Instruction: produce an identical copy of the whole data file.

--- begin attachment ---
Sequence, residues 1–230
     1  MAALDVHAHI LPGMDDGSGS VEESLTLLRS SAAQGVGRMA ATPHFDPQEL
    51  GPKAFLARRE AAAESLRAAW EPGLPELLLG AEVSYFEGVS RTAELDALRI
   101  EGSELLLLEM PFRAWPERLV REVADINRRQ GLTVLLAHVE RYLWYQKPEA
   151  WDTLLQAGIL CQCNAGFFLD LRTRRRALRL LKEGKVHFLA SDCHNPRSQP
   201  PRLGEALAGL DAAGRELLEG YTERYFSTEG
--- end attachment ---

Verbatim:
Sequence, residues 1–230
     1  MAALDVHAHI LPGMDDGSGS VEESLTLLRS SAAQGVGRMA ATPHFDPQEL
    51  GPKAFLARRE AAAESLRAAW EPGLPELLLG AEVSYFEGVS RTAELDALRI
   101  EGSELLLLEM PFRAWPERLV REVADINRRQ GLTVLLAHVE RYLWYQKPEA
   151  WDTLLQAGIL CQCNAGFFLD LRTRRRALRL LKEGKVHFLA SDCHNPRSQP
   201  PRLGEALAGL DAAGRELLEG YTERYFSTEG